Back to school safety is a complicated topic. Especially considering recent global news: Australia was on fire, COVID-19 became a pandemic, protests erupted across the US, and more. These things are proof that safety continues to become even more complicated everyday.
But, at the end of the day, children are our future and we need to protect them. But what steps can you take to make sure your school is safe for next school year?
According to schoolsafety.gov, there are three steps to a safe school:
- Protection and Mitigation
- Response and Recover.
We’re going to use, for example, a COVID-19 outbreak in a school.
What steps can you take today to prevent an outbreak of COVID-19 (or another virus) in your school?
- Prepare for possible viral emergencies
- Work on distance learning
- Discourage perfect attendance and encourage staying home when sick
Preparing for a possible viral emergency
For a COVID-19 (or other viral) outbreak, that would include preparing for distance learning and sanitation.
Have a plan for how ‘bad’ things have to get for you to close your school.
- How many cases of a virus mean you have to close your school?
- How long will you stay closed?
Keep in contact with healthcare officials
Keep in contact with your district and other schools in your area
How will you handle siblings where one member of the family has a viral illness? Will they all need to stay home? What about your staff when they have a family member who’s sick?
Have practice distance learning days
COVID-19 showed us all how many gaps there are in a mixed learning style. Albeit, I have to say, it was rather heroic how teacher’s took their lessons online in such a short period of time with barely any instruction.
However, practice makes perfect. Having a few distance learning days a month will help your staff, students, and family communities to prepare for an emergency. They will also enable you to iron out the wrinkles in your plans.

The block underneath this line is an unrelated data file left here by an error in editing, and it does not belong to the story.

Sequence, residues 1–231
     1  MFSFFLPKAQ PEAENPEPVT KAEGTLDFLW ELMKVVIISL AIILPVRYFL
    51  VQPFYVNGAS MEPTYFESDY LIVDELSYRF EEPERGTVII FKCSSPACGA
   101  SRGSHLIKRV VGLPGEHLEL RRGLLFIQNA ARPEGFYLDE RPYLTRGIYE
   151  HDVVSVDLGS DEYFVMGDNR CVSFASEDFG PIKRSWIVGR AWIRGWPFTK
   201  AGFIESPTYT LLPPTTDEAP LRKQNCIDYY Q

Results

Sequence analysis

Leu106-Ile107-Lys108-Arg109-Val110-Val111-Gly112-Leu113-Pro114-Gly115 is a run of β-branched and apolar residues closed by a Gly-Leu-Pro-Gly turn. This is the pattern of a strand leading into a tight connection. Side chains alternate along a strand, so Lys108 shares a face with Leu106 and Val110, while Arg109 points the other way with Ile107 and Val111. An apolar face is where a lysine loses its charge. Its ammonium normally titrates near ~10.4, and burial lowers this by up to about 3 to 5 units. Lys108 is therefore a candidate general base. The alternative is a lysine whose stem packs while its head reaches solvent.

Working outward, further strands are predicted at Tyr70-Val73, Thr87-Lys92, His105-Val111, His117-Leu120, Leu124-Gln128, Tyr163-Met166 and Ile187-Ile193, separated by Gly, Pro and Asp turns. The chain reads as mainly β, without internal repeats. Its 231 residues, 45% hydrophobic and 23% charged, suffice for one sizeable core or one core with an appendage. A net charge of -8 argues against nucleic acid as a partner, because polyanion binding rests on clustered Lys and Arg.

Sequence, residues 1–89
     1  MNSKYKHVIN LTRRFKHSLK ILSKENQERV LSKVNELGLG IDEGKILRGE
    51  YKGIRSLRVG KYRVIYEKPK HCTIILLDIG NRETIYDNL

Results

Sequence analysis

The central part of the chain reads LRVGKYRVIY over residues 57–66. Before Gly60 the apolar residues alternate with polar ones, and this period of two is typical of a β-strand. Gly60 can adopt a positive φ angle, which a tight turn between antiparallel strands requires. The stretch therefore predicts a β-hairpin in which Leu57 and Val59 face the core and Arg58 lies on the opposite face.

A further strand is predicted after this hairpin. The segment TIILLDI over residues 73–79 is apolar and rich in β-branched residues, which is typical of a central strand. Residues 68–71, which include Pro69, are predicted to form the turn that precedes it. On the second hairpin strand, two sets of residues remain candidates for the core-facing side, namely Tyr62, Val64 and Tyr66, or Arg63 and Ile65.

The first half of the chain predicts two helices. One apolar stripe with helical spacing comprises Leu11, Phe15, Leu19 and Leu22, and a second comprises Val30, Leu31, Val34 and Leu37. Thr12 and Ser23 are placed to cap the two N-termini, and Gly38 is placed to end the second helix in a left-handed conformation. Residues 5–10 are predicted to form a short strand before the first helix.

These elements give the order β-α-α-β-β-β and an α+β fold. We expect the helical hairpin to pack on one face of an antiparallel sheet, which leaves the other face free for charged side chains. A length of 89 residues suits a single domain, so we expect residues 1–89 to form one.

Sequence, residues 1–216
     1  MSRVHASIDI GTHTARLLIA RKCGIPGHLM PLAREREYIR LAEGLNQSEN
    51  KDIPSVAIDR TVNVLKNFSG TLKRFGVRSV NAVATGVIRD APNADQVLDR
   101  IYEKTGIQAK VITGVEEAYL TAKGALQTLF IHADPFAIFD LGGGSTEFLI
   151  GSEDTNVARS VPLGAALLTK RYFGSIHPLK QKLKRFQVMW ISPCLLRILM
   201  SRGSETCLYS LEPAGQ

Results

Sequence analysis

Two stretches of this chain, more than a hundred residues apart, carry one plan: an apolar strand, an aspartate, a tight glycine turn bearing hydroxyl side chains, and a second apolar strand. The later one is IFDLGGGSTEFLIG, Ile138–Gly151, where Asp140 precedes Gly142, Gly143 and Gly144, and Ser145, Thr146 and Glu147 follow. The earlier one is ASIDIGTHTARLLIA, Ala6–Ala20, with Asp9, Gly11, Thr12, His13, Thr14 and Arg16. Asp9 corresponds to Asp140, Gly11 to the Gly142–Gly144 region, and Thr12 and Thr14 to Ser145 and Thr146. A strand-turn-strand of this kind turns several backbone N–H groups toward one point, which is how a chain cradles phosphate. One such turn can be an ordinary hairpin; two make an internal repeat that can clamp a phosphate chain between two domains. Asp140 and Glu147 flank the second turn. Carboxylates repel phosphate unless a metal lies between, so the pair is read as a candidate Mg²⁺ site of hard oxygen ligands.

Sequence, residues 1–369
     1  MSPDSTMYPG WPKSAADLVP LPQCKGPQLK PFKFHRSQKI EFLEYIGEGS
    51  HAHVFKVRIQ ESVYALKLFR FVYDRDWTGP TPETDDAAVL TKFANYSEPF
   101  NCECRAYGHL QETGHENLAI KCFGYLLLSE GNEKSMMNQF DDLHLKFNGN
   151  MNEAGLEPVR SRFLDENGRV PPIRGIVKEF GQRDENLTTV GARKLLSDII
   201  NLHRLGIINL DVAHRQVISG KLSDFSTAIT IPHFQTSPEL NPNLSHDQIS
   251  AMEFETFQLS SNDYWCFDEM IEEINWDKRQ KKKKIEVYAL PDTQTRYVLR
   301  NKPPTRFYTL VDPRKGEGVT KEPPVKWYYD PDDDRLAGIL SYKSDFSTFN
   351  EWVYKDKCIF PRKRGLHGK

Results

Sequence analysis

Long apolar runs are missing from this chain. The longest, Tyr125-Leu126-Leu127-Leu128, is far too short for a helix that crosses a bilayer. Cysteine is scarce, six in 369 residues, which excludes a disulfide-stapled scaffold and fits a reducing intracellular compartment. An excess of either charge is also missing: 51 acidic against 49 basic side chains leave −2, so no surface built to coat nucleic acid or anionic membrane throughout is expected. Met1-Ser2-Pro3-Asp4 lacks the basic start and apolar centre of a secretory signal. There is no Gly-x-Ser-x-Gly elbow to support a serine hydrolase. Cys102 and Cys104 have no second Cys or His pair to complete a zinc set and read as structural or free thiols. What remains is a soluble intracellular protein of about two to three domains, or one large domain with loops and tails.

Discourage perfect attendance
Perfect attendance is an admirable goal, but it’s unrealistic in a society where humans interact so often on a daily basis. If one student gets sick, they can easily pass that illness to other students or staff.
Along those lines, set things up so that children/staff can participate in distance learning when they are sick. That way, they can stay on top of their schoolwork without endangering others.
Protecting and Mitigating for Back to School Safety
How can you protect your school from a viral outbreak?
Practice social distancing during drop off, dismissal, and throughout the day
Dismissal and drop off are particularly complicated aspects of the school day because they involve so many people moving and interacting with each other. Software can help ease this process and enable social distancing and tracking things like temperature.
Revisit your janitorial systems and procedures and make sure they are up to date with what health officials require.
Ventilate properly and often
Proper ventilation of classrooms, offices, and other enclosed spaces on your grounds helps slow the spread of germs.
Alleviating the threat
The first step to reduce the threat of a viral outbreak would be tracking symptoms and doing contact tracing of people who start to show symptoms
That way, you know which students/staff need to stay home and how long they need to stay away.
Responding and Recovering
COVID-19 is changing how millennials and other generations are interacting with the government and companies. We’re aware of who’s handling things well and who’s not. This awareness will change where we shop and the people we support.
Your direct response to a viral outbreak or the threat of one will depend on the severity of the threat, the size of your school, and other factors.
Sources like the CDC recommend vacating school buildings for a day or two to disinfect everything incase of an outbreak. And if more outbreaks occur, you could move to an entirely distance learning based procedures
Recovering from a viral outbreak
Recovering from a viral outbreak will take some time. Distance learning will need to be practiced for at least the length of the viral incubation period. After that, school buildings will need to be sanitized. And depending on the severity of the virus, some daily practices might have to be changed.
The most important step to recover from an emergency is to review everything that happened before, during, and after. You need to assess what aspects of your plans worked and what didn’t. Don’t be afraid to note changes for things that didn’t work.